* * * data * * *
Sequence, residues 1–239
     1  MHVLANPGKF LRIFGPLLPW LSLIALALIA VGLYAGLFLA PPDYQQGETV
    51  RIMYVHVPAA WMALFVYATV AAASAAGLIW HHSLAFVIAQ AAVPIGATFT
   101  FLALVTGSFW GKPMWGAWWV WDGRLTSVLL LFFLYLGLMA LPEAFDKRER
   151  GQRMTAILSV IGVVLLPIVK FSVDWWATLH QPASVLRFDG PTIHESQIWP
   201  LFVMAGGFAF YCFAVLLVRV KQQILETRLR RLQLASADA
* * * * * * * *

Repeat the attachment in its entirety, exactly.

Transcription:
Sequence, residues 1–239
     1  MHVLANPGKF LRIFGPLLPW LSLIALALIA VGLYAGLFLA PPDYQQGETV
    51  RIMYVHVPAA WMALFVYATV AAASAAGLIW HHSLAFVIAQ AAVPIGATFT
   101  FLALVTGSFW GKPMWGAWWV WDGRLTSVLL LFFLYLGLMA LPEAFDKRER
   151  GQRMTAILSV IGVVLLPIVK FSVDWWATLH QPASVLRFDG PTIHESQIWP
   201  LFVMAGGFAF YCFAVLLVRV KQQILETRLR RLQLASADA